Tennessean: Campaign scare tactics again target seniors

60 Plus Association LogoLarry Bivens of the Tennessean’s Washington Bureau calls out 60 Plus Association for lying and yet, you can’t find the article anywhere online. This is so much more important than the stories we have access to, which is usually all horse race and no substance. 60 Plus is extremely well-funded and has been running TV commercials non stop all over the Tennessee’s 8th Congressional District and has been for quite some time. They also seem to make it a habit of scaring seniors in other places too.

Will the seniors who are being manipulated through fear by 60 Plus ever see this article? Ever hear the truth?

I am posting it in it’s entirety here:

Campaign scare tactics again target seniors

By Larry Bivins

Washington Bureau

WASHINGTON — When Sen. Russ Feingold aired a campaign ad recently vowing to oppose any attempt to privatize Social Security, he jumped on an attack wagon loaded with embattled Democrats.

Locked in a tight midterm re-election battle, the three-term Democratic incumbent accused his GOP opponent, Ron Johnson, of supporting proposals that would “under­mine” the promise of Social Security.

A week earlier, Johnson, a businessman who is taking his first stab at politics, continued a line of attack unleashed by many Republicans this election. In a mailing to Wisconsin voters, Johnson accuses Feingold of supporting a $523 billion cut to Medicare when he voted for the health-care reform bill that became law.

Both candidates are adopting a battle-tested strategy called scare seniors to the polls.

Ads bend, break truth

From California to Pennsylvania, politicians, political committees and independent groups are pouring money into ads that touch what is considered the third rail of American politics, Social Security and Medicare, in an all-out effort to corner the senior vote.

“This has been part of the Democratic playbook for a long time, and it’s generally helped,” said Jim Kessler, vice president for policy at Third Way, a think tank founded by centrist Democrats. “In this environment, right before an election that could hold major losses for Democrats, this is to be expected.”

This year, however, Republicans are reversing the spin on Democrats regarding Medicare.

“In the context of the health-care reform debate, Democrats became vulnerable to the claim they would cut Medicare,” said Kathleen Hall Jamieson, a communications professor and director of the Annenberg Public Policy Center at the University of Pennsylvania. The center runs a website, FactCheck.org, that assesses the accuracy of political ads.

In most cases, Jamieson said, the veracity of ads regarding Social Security and Medicare ranges from barely true to outright falsehoods. In some cases, candidates are being selective in using their opponents’ own words against them.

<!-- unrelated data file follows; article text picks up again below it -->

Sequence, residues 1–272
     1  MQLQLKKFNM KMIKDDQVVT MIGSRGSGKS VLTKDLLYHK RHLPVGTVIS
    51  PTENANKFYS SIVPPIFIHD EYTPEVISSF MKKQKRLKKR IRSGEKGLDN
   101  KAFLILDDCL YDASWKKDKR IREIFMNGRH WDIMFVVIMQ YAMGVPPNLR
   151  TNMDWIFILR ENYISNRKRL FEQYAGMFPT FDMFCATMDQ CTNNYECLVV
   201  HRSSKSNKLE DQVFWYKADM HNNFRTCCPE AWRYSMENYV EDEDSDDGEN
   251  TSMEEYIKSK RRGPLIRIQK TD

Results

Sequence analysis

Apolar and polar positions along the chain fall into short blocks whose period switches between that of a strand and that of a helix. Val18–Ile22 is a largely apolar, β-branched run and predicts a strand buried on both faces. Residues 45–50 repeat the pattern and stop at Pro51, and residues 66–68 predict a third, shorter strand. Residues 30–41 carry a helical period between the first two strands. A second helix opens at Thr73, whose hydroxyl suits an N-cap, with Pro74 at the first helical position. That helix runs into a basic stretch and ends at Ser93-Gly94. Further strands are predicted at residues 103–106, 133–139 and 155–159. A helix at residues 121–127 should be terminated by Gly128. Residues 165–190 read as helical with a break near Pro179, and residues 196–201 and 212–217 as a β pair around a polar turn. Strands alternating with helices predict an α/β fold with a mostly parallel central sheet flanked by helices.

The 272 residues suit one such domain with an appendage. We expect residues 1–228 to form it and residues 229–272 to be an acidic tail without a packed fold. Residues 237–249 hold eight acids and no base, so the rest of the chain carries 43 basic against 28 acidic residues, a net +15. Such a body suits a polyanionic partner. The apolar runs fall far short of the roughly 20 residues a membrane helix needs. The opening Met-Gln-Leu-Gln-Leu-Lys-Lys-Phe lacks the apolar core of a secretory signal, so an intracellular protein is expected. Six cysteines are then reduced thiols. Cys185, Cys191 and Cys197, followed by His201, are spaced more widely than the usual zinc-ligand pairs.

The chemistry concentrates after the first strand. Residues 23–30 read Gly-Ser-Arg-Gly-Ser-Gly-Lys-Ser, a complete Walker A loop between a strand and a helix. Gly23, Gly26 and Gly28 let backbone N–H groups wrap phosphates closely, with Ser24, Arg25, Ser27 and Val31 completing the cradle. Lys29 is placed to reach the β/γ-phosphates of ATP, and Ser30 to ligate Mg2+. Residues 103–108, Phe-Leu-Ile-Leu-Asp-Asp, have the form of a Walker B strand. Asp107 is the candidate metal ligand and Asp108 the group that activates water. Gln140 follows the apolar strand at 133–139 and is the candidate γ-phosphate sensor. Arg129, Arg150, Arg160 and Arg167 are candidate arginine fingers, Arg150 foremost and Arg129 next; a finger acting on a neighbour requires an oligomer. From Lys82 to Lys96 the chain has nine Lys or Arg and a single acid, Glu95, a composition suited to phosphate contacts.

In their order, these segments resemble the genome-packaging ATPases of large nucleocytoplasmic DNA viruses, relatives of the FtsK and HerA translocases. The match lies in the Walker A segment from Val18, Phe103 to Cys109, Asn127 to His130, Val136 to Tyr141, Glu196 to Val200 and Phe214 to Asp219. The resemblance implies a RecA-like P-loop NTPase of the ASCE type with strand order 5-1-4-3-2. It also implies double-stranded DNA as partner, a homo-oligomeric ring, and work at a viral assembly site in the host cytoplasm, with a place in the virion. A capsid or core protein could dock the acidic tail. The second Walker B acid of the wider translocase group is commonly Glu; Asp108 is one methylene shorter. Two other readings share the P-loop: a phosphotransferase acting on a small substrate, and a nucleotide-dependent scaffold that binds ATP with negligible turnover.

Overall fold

FactCheck.org concluded, for example, that Rep. Steve Kagen, D-Wis., accurately quotes Republican challenger Reid Ribble as saying he wants to “phase out” Social Security but that Kagen misleads when he says Ribble would force “Wisconsin’s seniors to fend for themselves.”

Politically risky issue

PolitiFact.com, an accuracy project run by the St. Petersburg Times, applies a Truth-O-Meter to ads and finds those accusing Democrats of cutting more than $500 billion from Medicare to be false. The health-care law seeks to slow Medi­care’’s growth by that much.

Health Care for America Now, which advocates health-care reform, kicked off a telephone campaign Thursday in 10 states — California, Florida, Illinois, Michigan, Nevada, New York, Ohio, Pennsylvania, Virginia and Wisconsin — to warn seniors about Medicare ads it calls misleading. One, by conservative seniors group the 60 Plus Association, makes the assertion about the $500 billion Medicare cut.

Such ads are effective because they contain just enough truth to be plausible in an environment of fear, Jamieson said. But the practice, she added, can have a chilling effect on any serious debate over what to do about Social Security and Medicare, entitlement programs that are projected to run out of money.

“One of the things it accomplishes is it reminds those in office that touching this issue is politically hazardous,” Jamieson said. “They’re called the third rail of politics. Well, the rail stays alive because of these attack ads every election.”

Most consistent voters

Why target seniors? Because they are the most consistent U.S. voting bloc.

“Seniors vote in midterm elections; we all know that,” said Barbara Kennelly, president and CEO of the National Committee to Preserve and Protect Social Security and Medicare, an advocacy group that endorses candidates. It has endorsed Feingold. “Nothing is more important to seniors than Medicare and Social Security.”

In a recent AARP poll, nearly nine out of 10 respondents said they planned to vote, and 95 percent said it was important for a candidate to pledge support for Social Security. An overwhelming majority were concerned about the status of Medicare doctor payments and Medicare fraud.

But the programs’ long-term stability is in jeopardy. Social Security, for the first time in its 75 years, will pay out more in benefits than it collects in taxes this year. The latest report from trustees of Social Security and Medicare said Social Security will run out of money after 2040, while Medi­care’s solvency is assured through 2029.


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  1. […] ads tell the voters of situations that may or may not exist to discourage voting for that side. In his research political reporter Larry Bivins discusses the practice of coercing senior citizen vote.  “Both candidates are drawing from the […]

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